Fostering collaboration with ensemble testing

July 02, 2024     Janet Gregory
collaboration, Learning, testing     Collaboration

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In our Holistic Testing courses, we talk a lot about the importance of collaboration. If your organization has more of a solo work culture, it can be hard to encourage more collaborative practices such as pairing and working in an ensemble (the newer, gentler name for “mobbing”, which is also called “teaming” nowadays). Let’s look at more ways we can get team members working together, more often.


Exploring a feature together in an ensemble format is a great way to spot those hard-to-find issues and learn what might be missing. In an ensemble, people rotate through the roles of navigator and driver, with the navigator telling the driver what to type, and everyone in the ensemble is free to contribute their ideas. A short time box is set, and roles rotate at the end of each one.

The first time you try something new like ensemble testing (or even pairing), it will feel awkward and contrived. The key to getting better at it is deliberate practice. Start small, perhaps with only three people, and rotate, each getting familiar with the roles. Practice what it feels like. The more you practice, the more comfortable you’ll be. At that point you know the benefits and can share what you’ve learned and can expand it to include others.


In various organizations where she worked, Lisa and her fellow testers/quality engineers hosted a weekly ensemble testing session, open to anyone who wanted to join. Sometimes these were focused 30-minute sessions, sometimes an hour or 90 minutes for deeper exploration. Programmers on all the feature teams were invited to book a session to have the group explore their latest new features.


One way to organize these sessions is to have at least one programmer from the feature team join in to answer questions and benefit from the quick feedback. The programmer and the quality engineer who is facilitating the session, collaborate to prepare a test charter in advance. This charter guides the ensemble on what to test and provides links to the build that is to be tested.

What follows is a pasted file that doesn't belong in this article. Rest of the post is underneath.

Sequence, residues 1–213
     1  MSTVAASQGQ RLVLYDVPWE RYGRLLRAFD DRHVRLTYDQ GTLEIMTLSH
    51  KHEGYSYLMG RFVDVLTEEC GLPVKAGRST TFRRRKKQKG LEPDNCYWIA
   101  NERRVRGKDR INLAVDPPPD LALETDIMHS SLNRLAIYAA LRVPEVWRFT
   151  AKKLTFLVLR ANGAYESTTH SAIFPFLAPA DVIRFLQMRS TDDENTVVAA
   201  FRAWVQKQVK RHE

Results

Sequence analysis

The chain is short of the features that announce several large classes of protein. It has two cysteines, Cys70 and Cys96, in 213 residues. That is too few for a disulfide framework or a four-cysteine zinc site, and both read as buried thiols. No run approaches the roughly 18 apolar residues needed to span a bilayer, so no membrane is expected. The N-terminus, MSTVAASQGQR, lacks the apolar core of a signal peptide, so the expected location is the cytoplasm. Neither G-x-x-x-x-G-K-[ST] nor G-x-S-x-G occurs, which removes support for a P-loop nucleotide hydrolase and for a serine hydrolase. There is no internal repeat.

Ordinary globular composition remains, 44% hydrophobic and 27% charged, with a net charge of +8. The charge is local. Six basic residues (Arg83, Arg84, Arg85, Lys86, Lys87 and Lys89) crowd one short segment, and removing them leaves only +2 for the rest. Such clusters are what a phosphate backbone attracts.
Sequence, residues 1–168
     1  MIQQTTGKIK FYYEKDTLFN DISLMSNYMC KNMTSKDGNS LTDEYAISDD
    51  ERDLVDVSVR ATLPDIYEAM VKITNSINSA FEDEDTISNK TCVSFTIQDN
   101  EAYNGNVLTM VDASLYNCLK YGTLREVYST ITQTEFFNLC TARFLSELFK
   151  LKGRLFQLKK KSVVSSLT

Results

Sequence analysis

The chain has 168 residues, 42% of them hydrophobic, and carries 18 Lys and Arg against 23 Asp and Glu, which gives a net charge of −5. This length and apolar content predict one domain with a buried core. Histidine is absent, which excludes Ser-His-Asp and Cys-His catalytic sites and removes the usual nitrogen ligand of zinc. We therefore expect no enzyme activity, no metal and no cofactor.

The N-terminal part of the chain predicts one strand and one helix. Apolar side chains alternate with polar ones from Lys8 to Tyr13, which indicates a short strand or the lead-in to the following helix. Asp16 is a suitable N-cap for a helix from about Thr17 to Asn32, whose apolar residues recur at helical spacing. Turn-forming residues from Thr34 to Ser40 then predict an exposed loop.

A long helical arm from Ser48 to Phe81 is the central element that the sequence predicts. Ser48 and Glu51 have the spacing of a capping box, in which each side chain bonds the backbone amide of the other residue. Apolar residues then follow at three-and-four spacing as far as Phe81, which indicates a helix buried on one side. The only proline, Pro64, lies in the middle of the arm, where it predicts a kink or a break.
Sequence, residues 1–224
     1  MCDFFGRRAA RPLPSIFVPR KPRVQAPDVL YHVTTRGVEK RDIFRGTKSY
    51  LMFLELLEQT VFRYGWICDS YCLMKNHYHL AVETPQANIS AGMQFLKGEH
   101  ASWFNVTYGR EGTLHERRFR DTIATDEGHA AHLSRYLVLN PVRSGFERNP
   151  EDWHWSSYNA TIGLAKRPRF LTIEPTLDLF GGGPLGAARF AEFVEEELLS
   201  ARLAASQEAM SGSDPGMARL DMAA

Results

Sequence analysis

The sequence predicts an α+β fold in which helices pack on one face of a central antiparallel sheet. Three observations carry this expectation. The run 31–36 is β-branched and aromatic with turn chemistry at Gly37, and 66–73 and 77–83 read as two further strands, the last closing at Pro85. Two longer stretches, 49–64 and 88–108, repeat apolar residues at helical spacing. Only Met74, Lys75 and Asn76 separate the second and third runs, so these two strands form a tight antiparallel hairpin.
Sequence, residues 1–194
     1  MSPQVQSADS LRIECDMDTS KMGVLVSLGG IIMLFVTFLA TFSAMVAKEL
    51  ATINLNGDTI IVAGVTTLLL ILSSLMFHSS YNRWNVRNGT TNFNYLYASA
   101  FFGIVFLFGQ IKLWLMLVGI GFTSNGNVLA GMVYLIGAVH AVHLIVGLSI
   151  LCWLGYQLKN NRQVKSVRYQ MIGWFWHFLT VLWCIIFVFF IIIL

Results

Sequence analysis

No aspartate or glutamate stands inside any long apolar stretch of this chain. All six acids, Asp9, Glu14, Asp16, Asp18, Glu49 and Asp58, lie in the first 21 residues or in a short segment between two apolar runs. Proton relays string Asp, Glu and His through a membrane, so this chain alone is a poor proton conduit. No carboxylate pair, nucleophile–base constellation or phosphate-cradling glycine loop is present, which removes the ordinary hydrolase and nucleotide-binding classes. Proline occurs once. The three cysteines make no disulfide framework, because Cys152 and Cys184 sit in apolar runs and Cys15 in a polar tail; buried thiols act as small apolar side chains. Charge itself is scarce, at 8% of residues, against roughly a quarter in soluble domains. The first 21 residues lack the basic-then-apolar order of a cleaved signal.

Test charter example to use for security testing

During the session, each driver shares their screen so the others can follow along. These sessions have proven so useful that additional sessions were scheduled and some engineering teams organized their own ensemble testing sessions.


Another ensemble testing technique Lisa’s teams have used is a similar format, aimed at acceptance testing stories. As soon as a team had several stories “finished”, they scheduled a 30-minute ensemble testing session that included the product owner, the designer, a tester, the programmers who worked on the stories, and someone from customer support. Rather than switch roles on a time schedule, they switched for each story. Any questions, whether related to design, functionality, or impact on customers, someone in the session was able to answer. 


Ensemble testing brings many advantages. People with different specialized skills working together in this type of group format can overcome unconscious biases and blind spots and achieve more in a short amount of time than if they worked individually. The obvious benefits encourage everyone to be more willing to collaborate real-time in pairs or groups. So, if you are feeling timid to bring this idea up with your team, practice deliberately to understand how, and then you will be more confident to bring this powerful technique to your team.